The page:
In Michael Lennox, who is best known for directing the hit comedy TV series, Derry Girls, I found an unlikely (on the face of it) kindred spirit. He has spent time in Moldova working on various charitable projects and feels a real kinship with the country and has seen first-hand how extreme poverty can lead to such exploitation. The way he spoke about the characters of Nico and Sammy, with such respect and insight left me in no doubt that he was the right person to bring this story to screen. Although he is best known for directing comedy, he brings such pathos to his work in the Derry Girls, and Harvesting needs this lightness of touch, for even in the direst of circumstances there can be humanity and humour.

When I read Brian Keenan’s memoir An Evil Cradling, I was astounded and deeply moved by how much sustenance each of those men gave to each other in the form of laughter, and deep bonds of friendship. Likewise, Emma Donoghue created a beautiful portrait of maternal love in a situation of extreme trauma. I knew that Sammy and Nico needed to be treated with the same care by me and that they needed love in some shape to sustain them. They find that in each other in the way that teenage girls often too; theirs is an intense bond, that is, quite literally, life-saving.

I have been surprised on so many levels by the positive response to this book, especially as it was such a difficult novel to sell in the first instance. “Too dark”, “difficult to market”, “doesn’t have mass universal appeal” were some of the early responses, until Dan Bolger at New Island read it and took it on, with no such qualms. Early on I was encouraged by the support from Sarah Benson of Ruhama and Liliana Rotaru of CCF Moldova, both NGOs which work with victims of sex trafficking. It was Sarah’s words: “that a novel of this kind can touch readers’ minds and hearts in a way no amount of reporting of the facts can” that gave me the push I needed to send it out into the world.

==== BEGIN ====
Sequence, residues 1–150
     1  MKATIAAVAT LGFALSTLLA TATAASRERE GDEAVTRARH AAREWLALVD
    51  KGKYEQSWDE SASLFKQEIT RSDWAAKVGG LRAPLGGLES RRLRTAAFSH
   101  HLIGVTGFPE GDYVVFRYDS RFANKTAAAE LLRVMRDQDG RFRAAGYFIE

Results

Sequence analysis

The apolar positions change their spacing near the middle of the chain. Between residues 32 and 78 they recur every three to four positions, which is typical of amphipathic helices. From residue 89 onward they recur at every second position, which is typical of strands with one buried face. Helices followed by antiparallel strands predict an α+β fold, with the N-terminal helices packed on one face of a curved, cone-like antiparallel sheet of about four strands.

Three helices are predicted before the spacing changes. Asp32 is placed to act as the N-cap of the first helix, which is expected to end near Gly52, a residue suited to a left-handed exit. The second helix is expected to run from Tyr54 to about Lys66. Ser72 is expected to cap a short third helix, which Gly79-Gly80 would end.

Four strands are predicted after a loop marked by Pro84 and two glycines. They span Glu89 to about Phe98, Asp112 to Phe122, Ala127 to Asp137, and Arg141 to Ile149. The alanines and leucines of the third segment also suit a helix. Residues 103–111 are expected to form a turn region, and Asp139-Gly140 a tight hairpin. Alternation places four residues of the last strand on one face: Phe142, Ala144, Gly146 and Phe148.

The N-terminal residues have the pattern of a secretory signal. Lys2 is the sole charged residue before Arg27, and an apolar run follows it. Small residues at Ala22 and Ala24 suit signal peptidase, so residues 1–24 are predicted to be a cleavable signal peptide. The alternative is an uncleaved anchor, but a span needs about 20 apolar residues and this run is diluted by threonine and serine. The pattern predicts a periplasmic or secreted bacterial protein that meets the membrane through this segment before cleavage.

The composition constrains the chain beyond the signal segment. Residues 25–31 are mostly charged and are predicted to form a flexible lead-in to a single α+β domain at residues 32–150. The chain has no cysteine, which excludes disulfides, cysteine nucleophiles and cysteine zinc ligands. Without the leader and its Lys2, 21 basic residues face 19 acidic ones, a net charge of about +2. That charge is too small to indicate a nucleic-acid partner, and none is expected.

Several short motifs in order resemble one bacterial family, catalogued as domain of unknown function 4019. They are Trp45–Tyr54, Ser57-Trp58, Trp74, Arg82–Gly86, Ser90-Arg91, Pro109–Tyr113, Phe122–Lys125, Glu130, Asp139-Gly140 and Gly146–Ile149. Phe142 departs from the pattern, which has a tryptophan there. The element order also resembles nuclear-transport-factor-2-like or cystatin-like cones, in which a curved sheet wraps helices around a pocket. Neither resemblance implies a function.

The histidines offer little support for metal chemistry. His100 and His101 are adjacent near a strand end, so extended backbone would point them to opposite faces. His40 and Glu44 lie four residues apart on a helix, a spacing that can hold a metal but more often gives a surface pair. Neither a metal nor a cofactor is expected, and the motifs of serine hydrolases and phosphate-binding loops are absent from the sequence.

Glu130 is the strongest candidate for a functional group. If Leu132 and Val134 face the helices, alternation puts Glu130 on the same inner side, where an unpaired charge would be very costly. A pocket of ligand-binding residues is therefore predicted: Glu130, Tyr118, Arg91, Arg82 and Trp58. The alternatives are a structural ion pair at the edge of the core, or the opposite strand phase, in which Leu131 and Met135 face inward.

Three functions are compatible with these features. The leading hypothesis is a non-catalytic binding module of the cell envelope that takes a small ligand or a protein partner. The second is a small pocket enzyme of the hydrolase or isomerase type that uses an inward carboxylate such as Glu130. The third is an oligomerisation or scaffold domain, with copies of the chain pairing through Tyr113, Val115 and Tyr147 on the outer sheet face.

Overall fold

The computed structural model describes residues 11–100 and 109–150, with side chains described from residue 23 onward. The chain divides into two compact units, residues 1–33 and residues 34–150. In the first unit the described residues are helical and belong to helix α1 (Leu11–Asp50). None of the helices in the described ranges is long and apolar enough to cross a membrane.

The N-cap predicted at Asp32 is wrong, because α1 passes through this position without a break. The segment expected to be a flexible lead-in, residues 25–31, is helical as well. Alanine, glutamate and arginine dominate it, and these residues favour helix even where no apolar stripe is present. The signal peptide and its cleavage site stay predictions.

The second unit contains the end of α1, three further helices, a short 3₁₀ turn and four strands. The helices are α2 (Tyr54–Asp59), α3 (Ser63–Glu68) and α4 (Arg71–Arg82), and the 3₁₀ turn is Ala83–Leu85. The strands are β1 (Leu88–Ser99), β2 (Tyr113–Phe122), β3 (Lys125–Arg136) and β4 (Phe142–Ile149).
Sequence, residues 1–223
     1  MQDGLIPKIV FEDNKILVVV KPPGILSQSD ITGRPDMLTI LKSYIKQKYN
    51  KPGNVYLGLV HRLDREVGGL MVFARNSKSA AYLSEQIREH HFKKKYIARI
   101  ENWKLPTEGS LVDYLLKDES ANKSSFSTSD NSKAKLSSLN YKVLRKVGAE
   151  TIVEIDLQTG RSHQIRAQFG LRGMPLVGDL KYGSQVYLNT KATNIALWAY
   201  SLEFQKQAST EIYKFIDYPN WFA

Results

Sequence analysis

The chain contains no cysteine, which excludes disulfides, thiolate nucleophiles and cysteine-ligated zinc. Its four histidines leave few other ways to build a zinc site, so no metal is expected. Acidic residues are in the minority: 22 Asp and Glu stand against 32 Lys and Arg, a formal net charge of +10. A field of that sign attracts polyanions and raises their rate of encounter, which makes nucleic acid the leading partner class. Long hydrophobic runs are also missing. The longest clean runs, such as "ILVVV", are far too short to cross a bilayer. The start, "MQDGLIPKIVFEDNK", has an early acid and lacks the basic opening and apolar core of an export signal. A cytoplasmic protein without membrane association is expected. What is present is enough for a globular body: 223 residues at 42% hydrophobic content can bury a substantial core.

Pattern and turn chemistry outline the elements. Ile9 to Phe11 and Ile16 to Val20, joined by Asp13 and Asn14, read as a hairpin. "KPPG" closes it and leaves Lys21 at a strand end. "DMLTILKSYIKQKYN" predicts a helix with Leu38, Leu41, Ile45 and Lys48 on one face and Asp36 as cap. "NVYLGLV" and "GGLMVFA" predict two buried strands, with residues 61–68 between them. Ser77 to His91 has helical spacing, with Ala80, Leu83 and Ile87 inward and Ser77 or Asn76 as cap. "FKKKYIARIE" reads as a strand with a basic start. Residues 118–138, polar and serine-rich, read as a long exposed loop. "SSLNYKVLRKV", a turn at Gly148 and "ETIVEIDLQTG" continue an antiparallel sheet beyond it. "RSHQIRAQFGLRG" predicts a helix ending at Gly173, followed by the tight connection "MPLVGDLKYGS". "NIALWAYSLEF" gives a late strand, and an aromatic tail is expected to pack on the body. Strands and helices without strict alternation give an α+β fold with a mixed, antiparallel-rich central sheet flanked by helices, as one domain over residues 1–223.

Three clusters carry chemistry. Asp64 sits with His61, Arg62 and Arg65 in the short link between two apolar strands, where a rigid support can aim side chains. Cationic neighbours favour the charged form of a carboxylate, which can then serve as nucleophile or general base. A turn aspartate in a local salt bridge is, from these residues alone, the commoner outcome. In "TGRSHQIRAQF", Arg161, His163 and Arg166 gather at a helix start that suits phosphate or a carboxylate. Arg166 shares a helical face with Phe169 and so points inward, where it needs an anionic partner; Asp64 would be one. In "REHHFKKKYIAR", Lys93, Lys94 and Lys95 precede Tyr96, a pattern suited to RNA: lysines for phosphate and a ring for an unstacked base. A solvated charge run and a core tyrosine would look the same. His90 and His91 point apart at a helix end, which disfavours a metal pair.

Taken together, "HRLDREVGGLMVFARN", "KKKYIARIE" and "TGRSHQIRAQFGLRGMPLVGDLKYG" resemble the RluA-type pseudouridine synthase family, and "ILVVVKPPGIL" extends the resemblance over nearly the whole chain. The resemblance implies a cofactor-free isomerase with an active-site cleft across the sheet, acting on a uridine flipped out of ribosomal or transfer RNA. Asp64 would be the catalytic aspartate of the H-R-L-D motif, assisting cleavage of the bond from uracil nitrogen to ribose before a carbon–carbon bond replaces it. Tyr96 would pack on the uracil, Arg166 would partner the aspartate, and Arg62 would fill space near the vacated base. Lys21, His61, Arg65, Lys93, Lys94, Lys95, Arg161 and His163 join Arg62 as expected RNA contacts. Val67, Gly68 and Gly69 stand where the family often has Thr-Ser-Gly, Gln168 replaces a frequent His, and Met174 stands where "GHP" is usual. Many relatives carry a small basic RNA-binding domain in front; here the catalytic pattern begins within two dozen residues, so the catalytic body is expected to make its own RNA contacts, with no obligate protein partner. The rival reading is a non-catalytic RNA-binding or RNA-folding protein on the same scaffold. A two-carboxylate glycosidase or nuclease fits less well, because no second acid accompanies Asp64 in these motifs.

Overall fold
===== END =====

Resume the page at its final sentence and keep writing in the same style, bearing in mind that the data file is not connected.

These girls’ lives have beauty, value and meaning, and I am thrilled that a future screen version will touch more hearts and hopefully, galvanise more people to take action in a time of #MeToo, when women’s voices are being heard in an unprecedented way. The marginalised and silenced voices of those who are tricked, coerced or cajoled into the world of sex trafficking need to be shouted aloud by those of us who have the freedom to do so. I feel greatly honoured to now be part of a team who feel the same way and are dedicated to bringing this story to a wider audience, putting the sanctity of the individual above any desire to shock, titillate or entertain.
Harvesting is this month’s Irish Times Book Club choice. Over the next four weeks, we will explore the novel with articles by the author; Michael Lennox and Brian Falconer; fellow writers including Anthony Glavin, Alan McMonagle, Sophie Mackintosh and June Caldwell; academics in the field of creative writing and children’s rights law; the cover designer who created two very different covers for the title and more. Lisa Harding will be discussing her work with Laura Slattery of The Irish Times, on Thursday, November 15th, at 7pm, in the Irish Writers Centre, 19 Parnell Square, Dublin 1. It will be available to listen to on irishtimes.com on November 30th.